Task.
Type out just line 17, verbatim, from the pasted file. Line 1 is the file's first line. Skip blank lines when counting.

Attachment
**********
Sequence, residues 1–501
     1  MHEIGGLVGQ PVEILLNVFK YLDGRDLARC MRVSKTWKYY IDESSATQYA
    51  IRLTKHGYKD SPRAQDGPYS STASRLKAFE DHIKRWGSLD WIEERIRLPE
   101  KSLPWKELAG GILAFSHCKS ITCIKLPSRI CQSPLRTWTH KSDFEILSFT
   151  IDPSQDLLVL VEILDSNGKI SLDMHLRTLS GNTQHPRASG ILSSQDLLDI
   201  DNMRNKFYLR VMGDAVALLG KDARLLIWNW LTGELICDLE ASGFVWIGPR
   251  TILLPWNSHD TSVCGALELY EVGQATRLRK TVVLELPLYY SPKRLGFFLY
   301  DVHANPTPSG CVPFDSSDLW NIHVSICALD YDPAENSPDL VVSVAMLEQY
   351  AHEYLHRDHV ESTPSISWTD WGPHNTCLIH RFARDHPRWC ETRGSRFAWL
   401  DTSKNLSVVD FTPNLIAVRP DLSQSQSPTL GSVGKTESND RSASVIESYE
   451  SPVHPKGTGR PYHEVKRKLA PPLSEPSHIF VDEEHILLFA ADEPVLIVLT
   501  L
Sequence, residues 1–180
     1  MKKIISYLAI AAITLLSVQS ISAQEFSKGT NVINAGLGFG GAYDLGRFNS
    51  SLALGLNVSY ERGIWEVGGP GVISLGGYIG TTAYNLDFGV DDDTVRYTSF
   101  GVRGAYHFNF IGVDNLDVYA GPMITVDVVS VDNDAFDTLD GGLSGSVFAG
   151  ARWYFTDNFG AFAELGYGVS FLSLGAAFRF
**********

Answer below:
   151  ARWYFTDNFG AFAELGYGVS FLSLGAAFRF